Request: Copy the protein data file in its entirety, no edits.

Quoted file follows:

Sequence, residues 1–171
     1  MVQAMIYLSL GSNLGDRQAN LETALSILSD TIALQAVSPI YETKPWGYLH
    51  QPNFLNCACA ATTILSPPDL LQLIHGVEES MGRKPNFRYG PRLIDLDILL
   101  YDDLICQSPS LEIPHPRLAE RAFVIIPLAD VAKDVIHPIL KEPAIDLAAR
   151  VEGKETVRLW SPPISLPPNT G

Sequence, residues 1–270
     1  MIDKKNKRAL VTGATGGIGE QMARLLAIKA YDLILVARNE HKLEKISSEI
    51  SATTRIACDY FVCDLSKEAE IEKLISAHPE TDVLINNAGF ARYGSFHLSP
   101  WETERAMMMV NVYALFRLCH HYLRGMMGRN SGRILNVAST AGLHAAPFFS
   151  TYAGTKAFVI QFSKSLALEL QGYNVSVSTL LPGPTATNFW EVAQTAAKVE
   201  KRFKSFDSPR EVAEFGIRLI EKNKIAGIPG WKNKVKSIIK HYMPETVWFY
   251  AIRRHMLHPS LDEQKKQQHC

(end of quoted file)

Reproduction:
Sequence, residues 1–171
     1  MVQAMIYLSL GSNLGDRQAN LETALSILSD TIALQAVSPI YETKPWGYLH
    51  QPNFLNCACA ATTILSPPDL LQLIHGVEES MGRKPNFRYG PRLIDLDILL
   101  YDDLICQSPS LEIPHPRLAE RAFVIIPLAD VAKDVIHPIL KEPAIDLAAR
   151  VEGKETVRLW SPPISLPPNT G

Sequence, residues 1–270
     1  MIDKKNKRAL VTGATGGIGE QMARLLAIKA YDLILVARNE HKLEKISSEI
    51  SATTRIACDY FVCDLSKEAE IEKLISAHPE TDVLINNAGF ARYGSFHLSP
   101  WETERAMMMV NVYALFRLCH HYLRGMMGRN SGRILNVAST AGLHAAPFFS
   151  TYAGTKAFVI QFSKSLALEL QGYNVSVSTL LPGPTATNFW EVAQTAAKVE
   201  KRFKSFDSPR EVAEFGIRLI EKNKIAGIPG WKNKVKSIIK HYMPETVWFY
   251  AIRRHMLHPS LDEQKKQQHC